A specialist in Native American cuisine reconsiders his identity


Native American food systems and food sovereignty scholar Elizabeth Hoover, an associate professor of environmental science, policy and management at the University of California, Berkeley, is the latest professor to backtrack on the claim of Native American identity. Hoover, who has long described herself as being of Mohawk and Mi’kmaq descent, said in a statement posted on her website that although she grew up in and around Native American spaces in the upstate of New York City, “following recent questions about my identity, I, along with others, conducted genealogical research to verify the tribal ancestry with which my family raised me, by digging through databases online, archival and census data.While it is clear that racial identifications in census records are complicated and sometimes unclear (especially since the only racial identification options for a long time were white, blacks and mulattoes), we have to date found no tribal citizenship records for any of my family members in the tribal databases that have been searched. Essentially what I am left with now is that I have no d official document to verify how my family identified themselves.

Now, she says, “Without any official documentation confirming the identity I was raised with, I don’t think it’s fair for me to continue to claim to be a scholar of Mohawk/Mi’kmaq descent, even though my mother insists she inherited this story for a reason. As such, I have approached my friends, collaborators, students, colleagues and members of the general public, to share this information about my identity and reform these relationships as needed.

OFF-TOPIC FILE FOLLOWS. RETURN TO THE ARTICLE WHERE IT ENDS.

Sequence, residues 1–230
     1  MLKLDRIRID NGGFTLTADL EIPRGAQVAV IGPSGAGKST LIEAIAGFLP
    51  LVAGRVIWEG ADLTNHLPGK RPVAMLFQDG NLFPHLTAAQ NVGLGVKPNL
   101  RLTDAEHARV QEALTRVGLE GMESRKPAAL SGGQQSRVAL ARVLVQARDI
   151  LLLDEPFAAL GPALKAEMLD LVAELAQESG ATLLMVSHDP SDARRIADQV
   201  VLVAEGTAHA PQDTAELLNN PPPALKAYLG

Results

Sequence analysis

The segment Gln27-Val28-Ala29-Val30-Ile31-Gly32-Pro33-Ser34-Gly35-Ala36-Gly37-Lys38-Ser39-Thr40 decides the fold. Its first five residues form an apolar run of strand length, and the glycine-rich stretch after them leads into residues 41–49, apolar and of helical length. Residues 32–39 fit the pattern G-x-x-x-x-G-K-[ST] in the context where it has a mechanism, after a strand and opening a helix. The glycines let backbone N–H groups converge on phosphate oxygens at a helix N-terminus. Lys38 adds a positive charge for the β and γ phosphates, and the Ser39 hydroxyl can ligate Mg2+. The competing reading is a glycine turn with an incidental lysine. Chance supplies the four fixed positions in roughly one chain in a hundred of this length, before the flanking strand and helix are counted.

Berkeley said in a statement, “We consider the issue of Elizabeth Hoover’s ethnic identity to be a deeply personal matter,” and the university will “respect [Hoover’s] statement that she “does not think it is right for me to continue to claim to be a scholar of Mohawk/Mi’kmaq descent”. Our future communications on campus will be consistent with his position. Berkeley said he did not consider racial or tribal affiliation in employment decisions, and Hoover was not part of a recruiting group, as has been reported elsewhere.

Hoover’s apology has been criticized by some as continuing to hurt Native Americans, including equating his own childhood trauma with being Native. Hoover was the recipient of a Ford Foundation Fellowship in 2009-2010, and that program considers Native American (or other underrepresented ethnic group) identity a “positive” factor but not required for selection. Hoover was also a Ford postdoctoral fellow in 2014-2015. In response to some students’ reactions to his social media updates, Hoover said via email that “I have worked hard to be as supportive as possible of the students I work with, and when evaluating student work. ‘a student, it is based solely on the sole quality of this academic work.


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